Suddenly, Gaby remembers everything.

For a year she believe she was a backpacker chilling out in Pandanus Beach. Working at the library. Getting over the accident that killed her twin brother.

Then Rafa came to find her and Gaby discovered her true identity as Gabe, one of the Rephaim. Over a hundred years old. Half angel, half human, all demon smiting badass and hopelessly attracted to the infuriating Rafa. Now she knows who faked her memories, and how, and why it’s all hurtling towards a massive showdown between the forces of heaven and hell.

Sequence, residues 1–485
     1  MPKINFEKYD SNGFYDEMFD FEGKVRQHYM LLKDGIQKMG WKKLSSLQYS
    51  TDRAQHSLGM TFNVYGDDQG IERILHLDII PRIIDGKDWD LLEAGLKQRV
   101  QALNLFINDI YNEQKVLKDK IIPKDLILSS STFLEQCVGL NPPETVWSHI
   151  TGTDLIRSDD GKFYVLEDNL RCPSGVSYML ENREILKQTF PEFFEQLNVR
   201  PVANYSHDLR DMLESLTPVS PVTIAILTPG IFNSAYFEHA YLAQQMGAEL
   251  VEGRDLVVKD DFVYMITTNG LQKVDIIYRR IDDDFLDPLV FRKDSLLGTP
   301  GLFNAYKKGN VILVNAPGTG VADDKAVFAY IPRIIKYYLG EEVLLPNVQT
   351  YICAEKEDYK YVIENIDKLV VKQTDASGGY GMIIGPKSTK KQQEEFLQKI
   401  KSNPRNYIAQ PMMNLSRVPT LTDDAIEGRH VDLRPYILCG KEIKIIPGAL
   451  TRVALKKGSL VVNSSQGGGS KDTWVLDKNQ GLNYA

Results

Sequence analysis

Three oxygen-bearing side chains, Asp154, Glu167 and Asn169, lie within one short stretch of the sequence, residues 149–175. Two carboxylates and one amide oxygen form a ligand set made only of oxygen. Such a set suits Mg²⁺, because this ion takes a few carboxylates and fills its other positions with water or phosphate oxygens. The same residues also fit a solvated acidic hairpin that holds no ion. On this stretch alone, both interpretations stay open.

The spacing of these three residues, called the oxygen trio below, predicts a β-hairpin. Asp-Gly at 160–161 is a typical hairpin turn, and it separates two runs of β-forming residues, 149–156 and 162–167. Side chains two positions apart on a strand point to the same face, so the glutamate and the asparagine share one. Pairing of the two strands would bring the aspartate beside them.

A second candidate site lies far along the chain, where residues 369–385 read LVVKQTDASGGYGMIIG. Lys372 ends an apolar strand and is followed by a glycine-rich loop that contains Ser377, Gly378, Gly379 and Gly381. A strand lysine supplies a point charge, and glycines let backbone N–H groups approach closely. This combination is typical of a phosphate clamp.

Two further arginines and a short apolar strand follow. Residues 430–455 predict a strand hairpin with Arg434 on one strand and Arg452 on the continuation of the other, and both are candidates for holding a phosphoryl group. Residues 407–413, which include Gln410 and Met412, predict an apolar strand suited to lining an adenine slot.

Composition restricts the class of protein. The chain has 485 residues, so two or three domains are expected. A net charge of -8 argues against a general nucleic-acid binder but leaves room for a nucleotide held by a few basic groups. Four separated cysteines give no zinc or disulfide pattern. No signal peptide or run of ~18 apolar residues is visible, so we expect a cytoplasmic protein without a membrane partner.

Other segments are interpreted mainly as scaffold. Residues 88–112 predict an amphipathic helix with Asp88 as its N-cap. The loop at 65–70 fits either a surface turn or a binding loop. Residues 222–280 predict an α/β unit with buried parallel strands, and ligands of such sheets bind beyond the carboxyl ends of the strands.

More importantly, she remembers why she’s spent the last ten years wanting to seriously damage Rafa.
Gaby has spent the last week trying to remember the life she knew before arriving in the small seaside community of Pandanus Beach, a life where she was part of the Rephaim, half angels who are now preparing to go to war with demons who plan on destroying the town she now calls home. Gaby and twin brother Jude now remember their lives before the rift that drove the two apart ten years earlier, why Jude walked away and why Gaby feels an inexplicable attraction to Rafa.

But before Gaby can come to terms with her past, she and the Rephaim must prepare for a war against Zarael and his hellion army. Secrets will be revealed, alliances will be tested and Pandanus Beach will become a warzone. A fight for not only the Rephaim's survival, but for humanity.

Kelly's Thoughts